Claiming that the National Ganga River Basin Authority has become a toothless organisation which has made no change to the government’s neglect of the national river, three of its non-governmental members have submitted their resignations to the Prime Minister, who chairs the body.

“In three years of the NGRBA’s existence, we have only had two meetings,” said Rajendra Singh, the Magsaysay Award winner, known as the Waterman for his efforts in water harvesting and management in the arid villages of Rajasthan. “In that same three year period, the Authority is spending over Rs. 6,000 crore, but we do not have any details about how the money is being used…There is no accountability,” he told The Hindu soon after submitting his resignation. The last meeting of the NGRBA was held in November 2010.

Along with Mr. Singh, two other members of the NGRBA’s policy-making Apex Council have resigned: Ravi Chopra of the People’s Science Institute in Dehradun and former Aligarh Muslim University professor Rashid Hyatt Siddiqui.

The Authority was created in February 2009 after widespread protests that the earlier Ganga Action Plan (Phase I) launched by then-Prime Minister Rajiv Gandhi in 1986 had failed to clean up the river. Now activists are complaining that the government is repeating its mistakes, breaking its own promises and continuing its neglect of the river.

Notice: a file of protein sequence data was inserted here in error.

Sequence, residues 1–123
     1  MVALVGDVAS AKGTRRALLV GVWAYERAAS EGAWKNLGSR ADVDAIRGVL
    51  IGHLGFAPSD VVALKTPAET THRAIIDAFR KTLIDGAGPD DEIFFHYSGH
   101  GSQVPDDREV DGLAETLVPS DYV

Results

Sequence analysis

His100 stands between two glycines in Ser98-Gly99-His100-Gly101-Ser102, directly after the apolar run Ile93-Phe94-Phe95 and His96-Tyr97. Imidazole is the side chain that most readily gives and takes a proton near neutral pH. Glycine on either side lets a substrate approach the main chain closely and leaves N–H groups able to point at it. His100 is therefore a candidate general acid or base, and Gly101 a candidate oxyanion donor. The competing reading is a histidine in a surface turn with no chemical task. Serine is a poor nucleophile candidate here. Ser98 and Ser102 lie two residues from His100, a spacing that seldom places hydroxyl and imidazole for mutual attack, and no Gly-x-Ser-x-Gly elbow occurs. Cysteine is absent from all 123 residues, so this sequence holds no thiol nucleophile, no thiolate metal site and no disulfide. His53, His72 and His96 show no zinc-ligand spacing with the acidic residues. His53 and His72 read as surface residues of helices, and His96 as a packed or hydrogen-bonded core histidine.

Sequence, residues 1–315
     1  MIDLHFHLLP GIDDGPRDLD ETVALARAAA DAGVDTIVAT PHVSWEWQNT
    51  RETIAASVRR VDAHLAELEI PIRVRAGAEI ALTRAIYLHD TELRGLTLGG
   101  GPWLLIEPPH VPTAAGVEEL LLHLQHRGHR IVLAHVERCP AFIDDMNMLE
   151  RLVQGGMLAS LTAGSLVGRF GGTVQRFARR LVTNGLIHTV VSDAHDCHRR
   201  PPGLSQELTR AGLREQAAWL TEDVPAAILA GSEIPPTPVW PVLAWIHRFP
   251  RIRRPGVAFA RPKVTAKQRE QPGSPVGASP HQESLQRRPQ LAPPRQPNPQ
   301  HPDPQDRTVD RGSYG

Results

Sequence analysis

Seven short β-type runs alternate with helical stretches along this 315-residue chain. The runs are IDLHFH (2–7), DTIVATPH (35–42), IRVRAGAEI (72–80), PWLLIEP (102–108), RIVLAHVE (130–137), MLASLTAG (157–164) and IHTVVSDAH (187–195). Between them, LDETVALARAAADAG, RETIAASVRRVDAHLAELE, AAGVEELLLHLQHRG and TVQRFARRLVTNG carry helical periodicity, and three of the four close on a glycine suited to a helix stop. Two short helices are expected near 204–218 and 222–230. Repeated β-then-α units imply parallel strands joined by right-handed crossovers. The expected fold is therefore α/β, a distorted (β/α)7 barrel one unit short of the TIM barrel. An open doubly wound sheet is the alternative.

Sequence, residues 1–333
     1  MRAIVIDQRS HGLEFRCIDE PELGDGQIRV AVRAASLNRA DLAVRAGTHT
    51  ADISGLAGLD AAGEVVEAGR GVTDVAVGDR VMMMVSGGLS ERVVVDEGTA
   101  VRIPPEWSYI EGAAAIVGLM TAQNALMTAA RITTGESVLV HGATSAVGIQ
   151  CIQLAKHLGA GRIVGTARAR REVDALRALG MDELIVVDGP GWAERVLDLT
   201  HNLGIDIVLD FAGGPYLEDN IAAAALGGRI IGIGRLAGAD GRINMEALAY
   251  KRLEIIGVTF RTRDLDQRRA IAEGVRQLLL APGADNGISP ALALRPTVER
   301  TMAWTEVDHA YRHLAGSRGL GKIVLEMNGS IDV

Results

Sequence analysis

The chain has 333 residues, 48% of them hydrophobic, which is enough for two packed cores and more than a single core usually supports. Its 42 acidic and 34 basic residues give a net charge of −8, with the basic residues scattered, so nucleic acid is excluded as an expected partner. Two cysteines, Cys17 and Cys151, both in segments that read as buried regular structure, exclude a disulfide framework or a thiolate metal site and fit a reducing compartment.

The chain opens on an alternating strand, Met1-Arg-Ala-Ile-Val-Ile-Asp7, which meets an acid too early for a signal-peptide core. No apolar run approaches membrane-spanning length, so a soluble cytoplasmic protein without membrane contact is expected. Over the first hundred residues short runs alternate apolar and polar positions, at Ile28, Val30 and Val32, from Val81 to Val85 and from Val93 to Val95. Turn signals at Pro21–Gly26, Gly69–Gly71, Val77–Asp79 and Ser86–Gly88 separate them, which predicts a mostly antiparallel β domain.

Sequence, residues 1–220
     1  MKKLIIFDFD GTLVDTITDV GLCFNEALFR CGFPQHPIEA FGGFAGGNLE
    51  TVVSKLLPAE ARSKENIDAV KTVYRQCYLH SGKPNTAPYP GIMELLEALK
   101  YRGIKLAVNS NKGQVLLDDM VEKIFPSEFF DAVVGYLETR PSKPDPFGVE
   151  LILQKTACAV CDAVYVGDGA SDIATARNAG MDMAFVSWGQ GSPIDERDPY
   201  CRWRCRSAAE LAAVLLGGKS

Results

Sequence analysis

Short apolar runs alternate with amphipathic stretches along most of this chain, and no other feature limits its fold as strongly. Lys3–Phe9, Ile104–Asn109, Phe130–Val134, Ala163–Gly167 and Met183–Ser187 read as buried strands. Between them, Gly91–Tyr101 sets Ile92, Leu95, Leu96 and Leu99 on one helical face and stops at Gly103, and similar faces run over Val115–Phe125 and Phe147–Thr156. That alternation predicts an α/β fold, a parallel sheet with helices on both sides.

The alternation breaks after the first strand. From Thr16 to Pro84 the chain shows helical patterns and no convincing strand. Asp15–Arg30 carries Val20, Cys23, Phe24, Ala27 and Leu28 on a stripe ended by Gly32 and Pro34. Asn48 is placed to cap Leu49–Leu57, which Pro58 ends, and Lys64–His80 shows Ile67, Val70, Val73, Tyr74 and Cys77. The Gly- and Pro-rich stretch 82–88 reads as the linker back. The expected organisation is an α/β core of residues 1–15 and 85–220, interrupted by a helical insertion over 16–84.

“They promised that the 135 km stretch from Gomukh to Uttarkashi would be a protected ecological zone. But [the government] has given permission for 50 new dams along that stretch. What kind of protection is this?” asked Mr. Singh. “They have declared the Ganga as the national river on paper, but they are not treating it with any respect.”

The three NGRBA members are also quitting in solidarity with Swami Gyan Swarup Anand – formerly known as retired IIT professor G.D. Agarwal – who is on a fast-unto-death to persuade the government to scrap all hydel projects under construction on the Ganga or its tributaries which disrupt the natural flow of their waters. After one month of no food, the activist sanyasi has also stopped drinking water from March 9 to up the pressure on the government. In 2010, his 36-day fast had resulted in three major hydel projects being abandoned.

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